‘All the lanterns are lighted, the kids are invited, all chorus united, PINATA!’
My class was chosen to represent ‘Mexico’ in our ‘Around the World Christmas Concert’ in grade six. The lyrics above are just a few of the gems from the tasty lick that we were given. It was an awful song and at the peak of our social suicidal fears, we had to get up in front of all the cool grade sevens and eights and sing our hearts out to a song that quite honestly, we all mocked.
Every year, at Christmas time, I think about this song. It makes me smile. It makes me think of one of my best friends, Heather, who detested the song more than any of us and made her thoughts and opinions quite well known (as we all snickered about what she was saying). This song makes me think about my childhood, my naivety, and the time I showed up in a long floral print dress for my debut in the Christmas choir although it was painfully obvious when I walked in that the uniform was simply black pants and a white shirt.
Christmas is my favourite time of year. I love being with family, celebrating life, laughter and childhood and having an excuse to give presents. I still believe in the magic of Santa and the thought of being in bed early to ensure that he stops at my house encourages me to call it an early night every December 24th.
It wasn’t until last year that I experienced the most magical Christmas of all. You often hear people say that their lives flash before them when they are faced with a traumatic experience. When I was first diagnosed with cancer, it was my future that flashed before me; everything that I hadn’t accomplished or experienced rushed through my mind and this included the next sixty Christmases. Last Christmas was filled with a few tears because back in March, I wasn’t sure if I was going to see Christmas and here I was loving it just as much as I had loved every other Christmas. December 25th is my survival marker – when it’s Christmas, it means that I’ve made it through another year.
As I have learned at an early age; you only get one crack at life, money is just an object, and there are no guarantees so don’t wait your whole life to start living. Based on these life lessons, this year Keith and I decided to head down to New York City to experience Christmas in The Big Apple. I thought I knew about the magic of Christmas, well my friends, I knew nothing until I crossed the George Washington Bridge and entered the land of Manhattan.
Keith and I were there for four days and explored the hell out of the city. We did all the touristy stuff during the weekdays and left the walk up 5th Avenue and the tree at Rockefeller Centre for Saturday. Oh, and on Friday night, we went to see A Christmas Story on Broadway (that’s the movie with the little boy named Ralphie who wants the Red Rider BB Gun). Ugh! It was flippin’ amazing.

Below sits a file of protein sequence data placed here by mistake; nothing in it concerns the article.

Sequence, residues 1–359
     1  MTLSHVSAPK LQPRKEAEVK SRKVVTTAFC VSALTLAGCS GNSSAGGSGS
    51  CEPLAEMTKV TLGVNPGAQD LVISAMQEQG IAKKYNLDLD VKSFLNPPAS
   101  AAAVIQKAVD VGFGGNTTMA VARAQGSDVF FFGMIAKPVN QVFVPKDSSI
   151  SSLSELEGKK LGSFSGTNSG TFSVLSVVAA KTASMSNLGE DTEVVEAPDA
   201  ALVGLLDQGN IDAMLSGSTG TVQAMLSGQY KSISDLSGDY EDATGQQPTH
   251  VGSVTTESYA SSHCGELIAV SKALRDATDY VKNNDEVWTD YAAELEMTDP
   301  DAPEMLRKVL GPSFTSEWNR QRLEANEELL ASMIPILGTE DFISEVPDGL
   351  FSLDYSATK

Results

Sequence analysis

On Thursday, as we walked through the streets of Greenwich Village, I spotted a little girl singing Frosty The Snowman while she was holding her mom’s hand. It made me think about that time in my life, when I was little, when the thought of cancer never crossed my mind – mostly because I didn’t know what it was, but partially because I was too busy thinking about the amazing life that I was going to live. When I was this little girl's age, I thought about my future husband, my future kids and my future career. I dreamt about my dream home and all the toys that I would fill it with. I never wondered what the inside of a chemo centre looked like, I never pictured myself without a breast, and I knew nothing of this fear of recurrence.
The innocence of this little girl, the fact that she was singing like no one was listening, taught me a few lessons. In May, I did a bit of a 'project' where I cut out different words, sayings, pictures, and symbols from magazines and put them into a collage. One of the phrases read 'Your dreams miss you'. I didn't realize how much I had stopped dreaming and how much I had started planning. This little girl reminded me to keep dreaming because if anything, it's a great foundation for what the future will bring.
I'm slowly learning that whether I think about a future with cancer or one without, I am not going to be any more prepared to hear the words 'Your cancer is back' - worry and fear do not somehow better prepare us for disaster. In saying that, I feel as though it's this time of year where cancer doesn't get to stand front and centre in my life, it takes a back seat to magic, laughter, lights, family, and warmth.
This Christmas will be just as magical as all the Christmas' before and as I lay my head on my pillow on Monday night envisioning sugar plums dancing through my head, I will also be dreaming of my dream career with my dream kids, in my dream home and luckily I already have my dream man.
Merry Christmas to all, and to all a good night!